Every year, worldwide, about 58 billion paper cups end up in landfills or are incinerated?
Especially, when you consider this:
Hundreds of thousands of people put their takeaway coffee cup into a recycling bin every day.
But, wait, that’s a good thing, right? Well, not exactly.
Because most of these coffee cups are NOT recyclable.
Despite looking like they are recyclable, most disposable paper cups actually contain a thin plastic lining, which makes them almost impossible to recycle in a standard recycling mill (which is where almost all disposable coffee cups end up).
There are currently 2 specialist recycling facilities in the UK, which can remove this plastic from disposable cups properly, but most UK disposable cups do NOT end up there.
Here are some more hard facts:
4 Facts About Disposable Coffee Cups You Probably Don’t Know
- Most disposable coffee cups are almost impossible to recycle, due to the inner plastic film (the good news is that Starbucks have just started a trial of a Frugalpac, which is a fully recyclable cup, but you do wonder what took them so long).
- If you buy 1 takeaway coffee in a disposable cup every day, you’ll end up creating about 23 lbs of waste in one year.
- Coffee cups are estimated to be the second-largest contributor to litter waste after plastic bottles.
- Environmentalists are warning that plastic linings in mostpaper cups are fast becoming a major pollution hazard, as the plastic cannot break down in the same way paper does.
So what can we do about it?
Well, like many people, I grab a takeaway coffee most days. It started out as the odd morning treat, but quickly escalated to one every morning.
One day I started thinking about the 365 disposable cups I was responsible for every year. And I’d been getting a takeaway latte at this point for 8 years.
Which meant I was up to almost 3000 cups (yikes doesn’t even come close!)
Pretty horrific if you think about it. And that was just me.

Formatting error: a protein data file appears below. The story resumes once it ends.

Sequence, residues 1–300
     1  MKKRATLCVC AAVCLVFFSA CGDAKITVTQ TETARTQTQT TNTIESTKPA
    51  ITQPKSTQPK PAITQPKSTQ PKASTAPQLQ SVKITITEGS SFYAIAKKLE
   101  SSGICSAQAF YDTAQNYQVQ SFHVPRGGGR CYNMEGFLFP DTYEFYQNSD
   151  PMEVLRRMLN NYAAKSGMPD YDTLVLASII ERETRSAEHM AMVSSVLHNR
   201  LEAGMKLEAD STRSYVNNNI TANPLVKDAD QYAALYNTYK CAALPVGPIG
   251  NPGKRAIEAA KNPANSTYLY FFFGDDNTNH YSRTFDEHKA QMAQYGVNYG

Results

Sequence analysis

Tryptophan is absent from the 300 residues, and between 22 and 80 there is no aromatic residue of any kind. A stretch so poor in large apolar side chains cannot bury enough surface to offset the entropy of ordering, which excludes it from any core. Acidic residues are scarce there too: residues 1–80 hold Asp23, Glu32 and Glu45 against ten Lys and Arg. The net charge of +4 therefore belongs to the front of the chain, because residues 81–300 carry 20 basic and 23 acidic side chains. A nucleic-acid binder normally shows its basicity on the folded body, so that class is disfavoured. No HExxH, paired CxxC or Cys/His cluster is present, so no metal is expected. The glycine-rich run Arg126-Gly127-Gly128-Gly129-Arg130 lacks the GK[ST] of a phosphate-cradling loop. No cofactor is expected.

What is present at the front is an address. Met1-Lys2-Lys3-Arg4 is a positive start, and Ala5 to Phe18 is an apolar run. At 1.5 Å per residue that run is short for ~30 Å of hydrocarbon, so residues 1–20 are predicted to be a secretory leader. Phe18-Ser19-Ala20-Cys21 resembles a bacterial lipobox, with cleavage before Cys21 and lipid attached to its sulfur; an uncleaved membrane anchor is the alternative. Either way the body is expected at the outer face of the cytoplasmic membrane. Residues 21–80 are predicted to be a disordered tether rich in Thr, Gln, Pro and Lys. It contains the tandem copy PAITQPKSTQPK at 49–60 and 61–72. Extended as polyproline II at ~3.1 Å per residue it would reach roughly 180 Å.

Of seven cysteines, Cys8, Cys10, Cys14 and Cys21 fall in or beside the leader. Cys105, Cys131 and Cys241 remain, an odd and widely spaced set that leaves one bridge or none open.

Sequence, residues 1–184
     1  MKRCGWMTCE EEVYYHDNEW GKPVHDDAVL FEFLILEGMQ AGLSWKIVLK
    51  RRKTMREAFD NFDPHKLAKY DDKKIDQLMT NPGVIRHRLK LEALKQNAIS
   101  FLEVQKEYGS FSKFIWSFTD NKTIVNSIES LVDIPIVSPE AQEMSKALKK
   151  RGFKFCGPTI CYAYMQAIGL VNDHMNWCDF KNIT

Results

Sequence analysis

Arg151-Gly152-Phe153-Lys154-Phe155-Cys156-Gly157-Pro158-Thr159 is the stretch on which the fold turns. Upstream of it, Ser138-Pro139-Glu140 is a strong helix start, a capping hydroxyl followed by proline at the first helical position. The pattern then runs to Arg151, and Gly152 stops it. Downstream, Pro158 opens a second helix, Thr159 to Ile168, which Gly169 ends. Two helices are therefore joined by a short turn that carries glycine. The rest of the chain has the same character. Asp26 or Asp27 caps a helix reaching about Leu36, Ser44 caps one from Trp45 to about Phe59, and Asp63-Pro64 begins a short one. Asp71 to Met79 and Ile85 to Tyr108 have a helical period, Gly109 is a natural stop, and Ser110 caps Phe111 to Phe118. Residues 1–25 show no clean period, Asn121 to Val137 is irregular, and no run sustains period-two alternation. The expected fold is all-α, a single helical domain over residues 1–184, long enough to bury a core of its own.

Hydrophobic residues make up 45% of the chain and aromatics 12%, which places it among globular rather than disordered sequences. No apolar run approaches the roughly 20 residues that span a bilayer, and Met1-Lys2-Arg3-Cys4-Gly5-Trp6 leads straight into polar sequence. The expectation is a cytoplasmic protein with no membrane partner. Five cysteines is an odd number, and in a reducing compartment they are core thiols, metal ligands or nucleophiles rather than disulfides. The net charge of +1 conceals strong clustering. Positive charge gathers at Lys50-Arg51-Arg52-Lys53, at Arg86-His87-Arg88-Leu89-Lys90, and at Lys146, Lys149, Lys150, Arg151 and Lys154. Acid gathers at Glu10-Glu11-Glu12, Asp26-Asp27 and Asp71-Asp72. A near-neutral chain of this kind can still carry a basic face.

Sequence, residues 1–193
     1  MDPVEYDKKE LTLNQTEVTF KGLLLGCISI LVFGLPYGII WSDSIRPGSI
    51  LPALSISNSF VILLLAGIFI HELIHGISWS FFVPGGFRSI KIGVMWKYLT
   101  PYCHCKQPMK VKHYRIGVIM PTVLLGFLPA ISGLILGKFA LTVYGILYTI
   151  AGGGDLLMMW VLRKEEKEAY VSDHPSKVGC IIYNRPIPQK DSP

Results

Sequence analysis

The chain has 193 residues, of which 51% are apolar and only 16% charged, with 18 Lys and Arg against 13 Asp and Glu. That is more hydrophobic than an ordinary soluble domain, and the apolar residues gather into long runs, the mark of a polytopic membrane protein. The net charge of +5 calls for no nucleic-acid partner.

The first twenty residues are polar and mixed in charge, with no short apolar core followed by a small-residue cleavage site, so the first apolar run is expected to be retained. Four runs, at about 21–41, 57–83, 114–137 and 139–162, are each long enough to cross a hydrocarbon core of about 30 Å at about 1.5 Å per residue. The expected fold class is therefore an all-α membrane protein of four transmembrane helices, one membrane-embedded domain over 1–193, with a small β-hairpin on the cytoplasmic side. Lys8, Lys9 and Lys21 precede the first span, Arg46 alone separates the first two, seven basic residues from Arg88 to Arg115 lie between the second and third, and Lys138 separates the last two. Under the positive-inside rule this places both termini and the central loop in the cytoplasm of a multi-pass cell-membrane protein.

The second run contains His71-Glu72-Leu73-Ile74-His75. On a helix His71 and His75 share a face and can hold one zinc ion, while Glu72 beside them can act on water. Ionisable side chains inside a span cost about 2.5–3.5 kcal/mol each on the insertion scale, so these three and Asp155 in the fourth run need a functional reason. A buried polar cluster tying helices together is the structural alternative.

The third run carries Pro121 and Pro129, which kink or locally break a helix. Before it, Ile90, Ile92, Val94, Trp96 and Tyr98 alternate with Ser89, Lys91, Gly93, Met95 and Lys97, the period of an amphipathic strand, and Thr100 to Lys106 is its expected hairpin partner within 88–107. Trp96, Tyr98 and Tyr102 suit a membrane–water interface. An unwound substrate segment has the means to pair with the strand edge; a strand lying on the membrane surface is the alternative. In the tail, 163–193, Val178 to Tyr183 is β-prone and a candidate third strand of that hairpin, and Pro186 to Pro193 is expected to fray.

So around Christmas time last year I finally made the pledge to STOP buying coffee in disposable cups and invest in a reusable coffee cup.
After hours of research, here are the two best reusable coffee cup options I found.
The Best Reusable Coffee Cups – Your Options
After a lot of research, I went for an Ecoffee Reusable Coffee Cup.
I’ve got the Swirl design and I haven’t looked back. I love my cup.
It’s made from bamboo, is great to drink from and cleans really well.
The silicone lid and sleeve are both super easy to fit and stay neatly in place (not like some of those annoying plastic lids), plus the cup is biodegradable, making it an eco-friendly choice to boot.
Bamboo can be cultivated without pesticides and since it’s a natural fibre it also doesn’t leach potentially harmful chemicals when heated. This is a BIGGIE for me and why I personally don’t recommend plastic cups – reusable or otherwise.
Another great reusable coffee cup option is the JOCO Cup.
Because the JOCO reusable coffee cup is made of glass.
Although it’s a little heavier to carry around, (which is why I personally went for the lighter bamboo Ecoffee reusable cup option, as I already had a MIU glass water bottle) the beauty of the JOCO Cup is that it’s made of Borosilicate glass, which is non-porous.
This basically means that (like the bamboo) it won’t taint the flavour of your coffee.
Glass also doesn’t leach BPAs or toxic chemicals.
With its silicone lid and thermal silicone sleeve, the JOCO cup is both functional and stylish (if this is a factor for you), plus it’s a standard barista sizing.
I did see a few reviews on Amazon claiming that the silicone lid is not food grade and that it has a faint odour, but personally I never drink through the lid anyway – I always remove it.
The Bottom Line – The Best Reusable Coffee Cup
The amount of disposable coffee cups we throw away each year is MASSIVE (around 58 billion). And the vast majority of these cups are NOT recyclable.
So if like me you love a latte (or flat white, or Americano or whatever your coffee of choice!), but want to take the pledge to use a reusable coffee cup the Ecoffee Coffee Cup and the JOCO Coffee Cup are both great non-plastic options.
Have you invested in a reusable coffee cup? Which one do you use?